Bell Star Carbon Review with Transitions SOLFX Shield Test
A bell is a simple device – it has two parts, and makes a noise when rung. The Bell Star Carbon motorcycle helmet, however, is packed with technology and innovations.Let’s start with a list of trademarked features: Agion antibacterial/antimicrobial interior, Velocity Flow Ventilation with FlowAdjust and Rear Flow Separator, NutraFog II, 3Mode Shield, and ClickRelease. Those terms should be enough to keep a Trademark Lawyer on the payroll, but what they mean to the user are just as important – comfort.
Agion is science, and it’s all about not letting the funky stuff (microbes, they call them) grow inside the liner’s padding to keep the inside smelling fresh. I’ve been using the helmet throughout the summer, and when not, keeping it in the unique padded case (included). And this Agion must be working; the Bell Star still feels, and smells, like a new helmet.Regarding ventilation, the Star shines, featuring the best airflow I’ve ever experienced. With many other helmets, I usually only realize the vents are open when it’s cold. But with Bell’s design, the airflow is noticeable in all conditions.The 3Mode Shield functions and its mechanisms work well. With one finger, you can crack open the shield quickly, even while in motion. The solid metal lever, as apposed to the plastic ones found on other helmets, reflects its price point as a high end lid.While I also have the stock shield for the Star, I’ve used nothing but the Transitions SOLFX photochromic shield (not included). The SOLFX’s reaction to changing light, and transition from dark in day versus clear at night works so well the standard shield has not left the garage.The only issue I had with the SOLFX shield was its inability to tightly seal against the eye port gasket. During a long stint on the highway in a steady rain, drops started to roll down the inside of the shield. Rain water had pooled in the area above the seal and leaked in to the interior. Luckily it didn’t cause vision problems nor was it akin to Chinese Water Torture. Once stopped I could see the slightest gap between shield and gasket. After I returned home I fit the standard clear shield, and though not as bad, the gap still existed.I would not hesitate to use this helmet again even with a chance of rain. The performance of the Transitions shield used during a partly cloudy day or just before sunset outweighs this issue.The list of features goes on. While I have not tested the size or location, there are speaker plugs, as place holder and mounting locations for installation of an aftermarket communication system.One thing I do like is the magnetic strap keeper. After you buckle your strap it’s laced through a belt loop and falls onto a magnet. Very clever. And as like most helmets, the interior is removable for cleaning.The Bell Star’s carbon shell makes it light (3.41 lbs.), and the design minimized buffering. It’s even customizable with an accessory Track Strip that fits on the rear wing, like a little tuner car, with style to match.The helmet I’ve been wearing is the Cerwinske Carbon. It features inverted sharpie design by Jona Cerwinske, an artist well known for Sharpie art.A graffiti inspired black on white maze of images on everything from walls to a Lamborghini Gallardo. The white over black carbon fiber weave is awesome, modern, but a bit polarizing. You love it or hate it. But it’s black and white so it goes well with any machine.The Bell Star Carbon retails for $649.96. For additional information, visit Bell Helmets.Photography by Ron Lieback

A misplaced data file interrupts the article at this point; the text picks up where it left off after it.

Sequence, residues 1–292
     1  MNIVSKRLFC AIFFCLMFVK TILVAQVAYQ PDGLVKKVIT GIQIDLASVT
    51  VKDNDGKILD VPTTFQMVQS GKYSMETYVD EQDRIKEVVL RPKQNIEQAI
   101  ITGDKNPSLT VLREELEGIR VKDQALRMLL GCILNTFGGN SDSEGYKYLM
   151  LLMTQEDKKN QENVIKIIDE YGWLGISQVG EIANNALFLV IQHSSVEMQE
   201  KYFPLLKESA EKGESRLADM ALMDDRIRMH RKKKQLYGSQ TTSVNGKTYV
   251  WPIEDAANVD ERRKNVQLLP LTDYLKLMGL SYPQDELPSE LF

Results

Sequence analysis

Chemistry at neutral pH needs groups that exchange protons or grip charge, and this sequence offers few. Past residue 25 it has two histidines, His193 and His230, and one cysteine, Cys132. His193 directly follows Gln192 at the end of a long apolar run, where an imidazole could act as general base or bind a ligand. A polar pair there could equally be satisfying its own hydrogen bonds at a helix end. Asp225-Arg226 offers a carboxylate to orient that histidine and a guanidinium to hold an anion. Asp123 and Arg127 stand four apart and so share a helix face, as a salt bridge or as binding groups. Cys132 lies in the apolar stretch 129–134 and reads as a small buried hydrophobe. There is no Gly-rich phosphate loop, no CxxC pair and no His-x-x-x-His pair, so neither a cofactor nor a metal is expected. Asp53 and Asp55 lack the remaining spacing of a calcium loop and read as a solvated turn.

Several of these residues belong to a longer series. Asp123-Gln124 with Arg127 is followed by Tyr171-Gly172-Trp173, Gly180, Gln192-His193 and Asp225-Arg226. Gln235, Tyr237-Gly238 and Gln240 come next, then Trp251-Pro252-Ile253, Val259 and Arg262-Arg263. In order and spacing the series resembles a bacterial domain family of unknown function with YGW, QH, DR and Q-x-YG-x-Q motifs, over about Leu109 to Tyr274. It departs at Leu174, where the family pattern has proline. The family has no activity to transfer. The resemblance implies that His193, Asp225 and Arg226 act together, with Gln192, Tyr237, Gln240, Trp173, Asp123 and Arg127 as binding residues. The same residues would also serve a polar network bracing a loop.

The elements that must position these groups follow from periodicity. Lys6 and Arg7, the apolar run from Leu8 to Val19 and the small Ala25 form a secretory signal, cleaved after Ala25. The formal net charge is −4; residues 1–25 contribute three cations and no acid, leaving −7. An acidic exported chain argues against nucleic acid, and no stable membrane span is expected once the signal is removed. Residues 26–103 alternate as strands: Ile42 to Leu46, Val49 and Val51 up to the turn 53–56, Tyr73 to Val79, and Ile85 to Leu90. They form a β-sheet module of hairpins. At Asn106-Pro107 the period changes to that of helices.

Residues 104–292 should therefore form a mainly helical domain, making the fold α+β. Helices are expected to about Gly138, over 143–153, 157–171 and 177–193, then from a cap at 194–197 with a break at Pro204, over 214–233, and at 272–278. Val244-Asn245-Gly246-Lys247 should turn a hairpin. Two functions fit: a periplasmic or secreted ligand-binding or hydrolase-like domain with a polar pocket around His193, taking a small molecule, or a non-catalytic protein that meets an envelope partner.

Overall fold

This week we ride two genre-departing motorcycles from the established American manufacturers. Jess McKinley gives us his thoughts on the all new Harley-Davidson Pan America Special, and Ron Lieback gives his on Indian’s latest version of the FTR 1200 S.